The viaLibri website requires cookies to work properly. You can find more information in our Terms of Service and Privacy Policy.

Displayed below are some selected recent viaLibri matches for books published in 1676
2008-11-25 10:15:56
PRAETORIUS, J.
1676. Franckfurt & Leipzig, C. Weidmann, 1676. 8vo (158 x 95mm). pp. (32), 445, (1, blank), (2, blank), (14), (2, blank), title printed in black and red. Contemporary calf, richly gilt decorated spine. Johannes Praetorius (1630-1680) is a pseudonym for Hans Schultze. Interesting and very rare early work on bird migration. "Durch den unerwarteten, anhaltenden Erfolg der Disputation seines Schülers F.R. Bruno ermutigt, präsentiert Praetorius hier eine weit umfangreichere Kompilation verwandter Themen, hauptsächlich über Zugvögel, doch auch mit reichem Material zu Volkskunde und Aberglauben" (Dünnhaupt 54.1). Schlenker 276.1..
Bookseller: Antiquariaat Junk
Check availability:
2008-11-18 12:14:07
Glanvill, Joseph
London: Printed by R.W. for H. Mortlock..., 1676. London: Printed by R.W. for H. Mortlock... 1676 First edition. Contemporary calf. Gilt-decorated spine with morocco label. . Small octavo. . Both joints starting to crack, a couple of small stains on back cover. Early ink ownership signature (G. Courthop... 1720/1") on front free endpaper; the same owner's signature on the title-page and a terminal blank. A very good copy. Glanvill (1636-1678) established himself as a skeptic with the publication of his first book, The Vanity of Dogmatizing (1661). This and numerous later publications investigated philosophical and religious views from a skeptical point of view. Glanvill is generally referred to as a disciple of Henry More, the Cambridge Platonist, and as a precursor of David Hume, whose theory of causation is said to owe something to Glanvill. (See "Joseph Glanvill: Precursor of Hume," an article by Richard Popkin in Journal of the History of Ideas, 1953, pp. 292-303. See also the Popkin biography of Glanvill in Dictionary of Seventeenth-Century British Philosophers). Despite his importance, Glanvill still seems to have been studied very little by historians of philosophy in the past fifty or sixty years. The present work is presented in the form of four sermons: I. "The Sin and Danger of Scoffing at Religion;" II. "The Church's Contempt from Prophane and Fanatick Enemies;" III. "Moral Evidence of a Life to come;" and IV. "The serious Consideration of the Future of Judgement." Glanvill's works are generally well represented in libraries and other repositories. The pre … [Click Below for Full Description]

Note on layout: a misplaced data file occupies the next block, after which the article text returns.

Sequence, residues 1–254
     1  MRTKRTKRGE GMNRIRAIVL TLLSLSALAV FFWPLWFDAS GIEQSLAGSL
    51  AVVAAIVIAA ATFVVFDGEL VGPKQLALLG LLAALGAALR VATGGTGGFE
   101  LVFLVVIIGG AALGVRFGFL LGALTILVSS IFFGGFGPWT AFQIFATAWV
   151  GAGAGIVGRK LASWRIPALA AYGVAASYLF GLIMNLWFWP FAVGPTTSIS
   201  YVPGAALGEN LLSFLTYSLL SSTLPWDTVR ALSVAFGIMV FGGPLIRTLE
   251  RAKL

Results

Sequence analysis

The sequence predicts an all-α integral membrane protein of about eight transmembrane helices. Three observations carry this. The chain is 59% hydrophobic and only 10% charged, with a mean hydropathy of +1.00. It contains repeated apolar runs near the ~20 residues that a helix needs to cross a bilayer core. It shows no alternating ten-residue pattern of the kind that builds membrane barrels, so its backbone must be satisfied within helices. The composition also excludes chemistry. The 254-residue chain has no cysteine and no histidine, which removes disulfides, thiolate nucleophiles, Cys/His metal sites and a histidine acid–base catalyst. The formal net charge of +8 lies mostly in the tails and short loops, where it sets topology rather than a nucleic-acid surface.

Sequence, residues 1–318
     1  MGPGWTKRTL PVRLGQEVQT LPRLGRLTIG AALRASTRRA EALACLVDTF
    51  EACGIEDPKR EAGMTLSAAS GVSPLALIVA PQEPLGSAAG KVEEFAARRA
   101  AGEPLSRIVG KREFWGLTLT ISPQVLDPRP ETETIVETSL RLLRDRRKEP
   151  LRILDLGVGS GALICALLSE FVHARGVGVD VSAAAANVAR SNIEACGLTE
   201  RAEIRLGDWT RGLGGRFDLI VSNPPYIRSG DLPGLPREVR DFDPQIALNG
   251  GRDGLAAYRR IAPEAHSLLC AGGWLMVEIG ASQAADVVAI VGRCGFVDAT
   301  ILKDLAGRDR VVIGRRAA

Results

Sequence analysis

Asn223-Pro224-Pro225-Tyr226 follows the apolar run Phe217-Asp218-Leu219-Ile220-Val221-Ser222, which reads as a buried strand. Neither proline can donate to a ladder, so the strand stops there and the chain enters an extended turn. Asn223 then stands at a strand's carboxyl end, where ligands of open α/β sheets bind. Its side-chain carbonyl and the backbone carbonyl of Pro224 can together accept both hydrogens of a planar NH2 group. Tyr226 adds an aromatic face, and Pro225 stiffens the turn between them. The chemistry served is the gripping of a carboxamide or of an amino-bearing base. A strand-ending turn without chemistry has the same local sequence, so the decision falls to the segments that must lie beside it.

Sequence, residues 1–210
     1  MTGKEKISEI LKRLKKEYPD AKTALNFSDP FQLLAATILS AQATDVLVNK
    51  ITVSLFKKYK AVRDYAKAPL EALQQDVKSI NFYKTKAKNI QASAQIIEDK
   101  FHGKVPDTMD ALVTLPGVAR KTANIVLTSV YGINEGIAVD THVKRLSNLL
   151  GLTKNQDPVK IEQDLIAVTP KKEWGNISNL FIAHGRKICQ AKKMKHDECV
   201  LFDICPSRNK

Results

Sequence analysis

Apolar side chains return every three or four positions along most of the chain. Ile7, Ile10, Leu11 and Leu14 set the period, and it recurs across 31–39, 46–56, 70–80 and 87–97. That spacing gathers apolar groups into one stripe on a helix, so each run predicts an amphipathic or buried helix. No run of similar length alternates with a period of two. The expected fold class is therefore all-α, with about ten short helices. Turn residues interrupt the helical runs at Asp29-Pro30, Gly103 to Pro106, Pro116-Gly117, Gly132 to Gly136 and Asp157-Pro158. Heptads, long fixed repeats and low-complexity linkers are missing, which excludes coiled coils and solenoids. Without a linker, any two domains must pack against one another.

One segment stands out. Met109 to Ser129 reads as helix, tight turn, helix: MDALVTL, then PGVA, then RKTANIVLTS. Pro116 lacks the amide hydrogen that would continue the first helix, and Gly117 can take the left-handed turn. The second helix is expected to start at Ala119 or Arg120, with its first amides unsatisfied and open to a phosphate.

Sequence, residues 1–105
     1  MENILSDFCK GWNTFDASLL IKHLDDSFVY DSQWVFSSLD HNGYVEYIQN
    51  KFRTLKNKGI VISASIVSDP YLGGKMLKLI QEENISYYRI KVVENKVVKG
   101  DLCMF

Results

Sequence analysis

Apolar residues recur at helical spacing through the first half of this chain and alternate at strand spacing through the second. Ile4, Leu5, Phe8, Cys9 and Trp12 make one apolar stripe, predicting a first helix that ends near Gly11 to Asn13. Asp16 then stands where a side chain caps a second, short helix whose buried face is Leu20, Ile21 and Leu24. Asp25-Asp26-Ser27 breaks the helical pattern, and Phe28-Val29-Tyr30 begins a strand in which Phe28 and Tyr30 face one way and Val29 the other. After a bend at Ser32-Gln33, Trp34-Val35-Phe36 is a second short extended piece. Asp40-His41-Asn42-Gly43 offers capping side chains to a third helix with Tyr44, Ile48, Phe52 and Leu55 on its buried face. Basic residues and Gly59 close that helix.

Bookseller: Michael R. Thompson, Booksellers, ABAA/ILAB [U.S.A.]
Check availability:
2008-10-15 16:17:41
COLLINS, Captain Greenville.
[v.p., May-August 1676] Manuscript folio (14 x 9 inches) 2 full-page maps handcolored in outline, one in-text map of the Shetland Islands, one double-page map in ink and wash of "Mount Missery," 3 ink and wash text illustrations, including one of a walrus and her calf, 18 pages of text within rules. Eighteenth-century marbled wrappers, strips of marbled paper pieced along lower margin and fore-edge of lower wrapper (edges somewhat worn and frayed), in half red morocco case. Provenance: Bookplate of the Duke of Hamilton. AN EARLY FIRSTHAND ACCOUNT OF THE QUEST FOR THE NORTHWEST PASSAGE. In 1493 to defuse trade disputes Pope Alexander VI split the discovered world in two between Spain and Portugal, leaving France, the Netherlands and England without a sea route to the trading nations of Asia. The desire to establish such a route motivated much of the European exploration of both coasts of North America. When it became apparent that there was no route through the heart of the continent, attention turned to the possibility of a passage through northern waters. It was not until 1906 that passage from Greenland to Alaska was successfully navigated. At the command of King Charles II, the expedition set out from Deptford 6 May 1676. It consisted of two ships, the Speedwell, commanded by Captain John Wood with Greenville Collins as its master, and the Prosperous, commanded by Captain William Flawes. As shown by Collins's map, they sailed north toward Greenland, and then east along the ice north of Russia, through the Barents Sea. On 29 June, the Speedwell ran aground and was wrec … [Click Below for Full Description]
Bookseller: Arader Galleries [U.S.A.]
Check availability:
2008-10-15 15:20:24
Hubbard, William: